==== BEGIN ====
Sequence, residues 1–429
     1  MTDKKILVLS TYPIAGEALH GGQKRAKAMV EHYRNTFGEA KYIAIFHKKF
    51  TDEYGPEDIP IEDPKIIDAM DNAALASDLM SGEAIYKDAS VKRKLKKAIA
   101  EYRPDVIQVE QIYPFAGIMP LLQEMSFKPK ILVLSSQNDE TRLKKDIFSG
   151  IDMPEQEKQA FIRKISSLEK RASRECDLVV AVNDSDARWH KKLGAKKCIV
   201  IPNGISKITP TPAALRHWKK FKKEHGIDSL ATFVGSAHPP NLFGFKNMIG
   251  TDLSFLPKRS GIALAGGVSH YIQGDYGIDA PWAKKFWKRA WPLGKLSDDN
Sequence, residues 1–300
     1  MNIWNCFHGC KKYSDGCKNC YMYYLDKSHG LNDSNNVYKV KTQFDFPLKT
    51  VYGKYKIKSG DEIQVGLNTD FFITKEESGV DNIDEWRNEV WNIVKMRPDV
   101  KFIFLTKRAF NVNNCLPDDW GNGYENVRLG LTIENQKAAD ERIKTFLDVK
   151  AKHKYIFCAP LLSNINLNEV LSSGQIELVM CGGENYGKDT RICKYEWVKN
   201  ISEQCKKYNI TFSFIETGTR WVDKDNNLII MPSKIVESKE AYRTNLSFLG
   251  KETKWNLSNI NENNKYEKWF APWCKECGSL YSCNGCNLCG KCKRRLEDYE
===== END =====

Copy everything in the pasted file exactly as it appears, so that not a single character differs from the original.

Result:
Sequence, residues 1–429
     1  MTDKKILVLS TYPIAGEALH GGQKRAKAMV EHYRNTFGEA KYIAIFHKKF
    51  TDEYGPEDIP IEDPKIIDAM DNAALASDLM SGEAIYKDAS VKRKLKKAIA
   101  EYRPDVIQVE QIYPFAGIMP LLQEMSFKPK ILVLSSQNDE TRLKKDIFSG
   151  IDMPEQEKQA FIRKISSLEK RASRECDLVV AVNDSDARWH KKLGAKKCIV
   201  IPNGISKITP TPAALRHWKK FKKEHGIDSL ATFVGSAHPP NLFGFKNMIG
   251  TDLSFLPKRS GIALAGGVSH YIQGDYGIDA PWAKKFWKRA WPLGKLSDDN
Sequence, residues 1–300
     1  MNIWNCFHGC KKYSDGCKNC YMYYLDKSHG LNDSNNVYKV KTQFDFPLKT
    51  VYGKYKIKSG DEIQVGLNTD FFITKEESGV DNIDEWRNEV WNIVKMRPDV
   101  KFIFLTKRAF NVNNCLPDDW GNGYENVRLG LTIENQKAAD ERIKTFLDVK
   151  AKHKYIFCAP LLSNINLNEV LSSGQIELVM CGGENYGKDT RICKYEWVKN
   201  ISEQCKKYNI TFSFIETGTR WVDKDNNLII MPSKIVESKE AYRTNLSFLG
   251  KETKWNLSNI NENNKYEKWF APWCKECGSL YSCNGCNLCG KCKRRLEDYE